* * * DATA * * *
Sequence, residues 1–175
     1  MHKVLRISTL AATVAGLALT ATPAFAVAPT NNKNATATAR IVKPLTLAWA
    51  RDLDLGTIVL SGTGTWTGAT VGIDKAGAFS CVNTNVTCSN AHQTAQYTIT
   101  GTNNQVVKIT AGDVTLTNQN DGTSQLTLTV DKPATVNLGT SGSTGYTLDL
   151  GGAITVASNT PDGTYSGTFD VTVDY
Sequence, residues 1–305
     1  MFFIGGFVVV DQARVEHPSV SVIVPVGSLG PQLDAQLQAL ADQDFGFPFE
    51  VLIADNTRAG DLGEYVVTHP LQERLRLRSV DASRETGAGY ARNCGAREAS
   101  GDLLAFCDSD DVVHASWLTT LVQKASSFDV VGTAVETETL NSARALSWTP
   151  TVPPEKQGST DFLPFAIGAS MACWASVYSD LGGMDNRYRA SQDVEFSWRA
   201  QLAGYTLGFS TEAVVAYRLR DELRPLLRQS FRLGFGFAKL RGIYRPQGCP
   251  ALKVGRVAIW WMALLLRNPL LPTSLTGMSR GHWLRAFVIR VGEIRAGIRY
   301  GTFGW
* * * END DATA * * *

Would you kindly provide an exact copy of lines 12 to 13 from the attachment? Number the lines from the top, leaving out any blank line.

   251  ALKVGRVAIW WMALLLRNPL LPTSLTGMSR GHWLRAFVIR VGEIRAGIRY
   301  GTFGW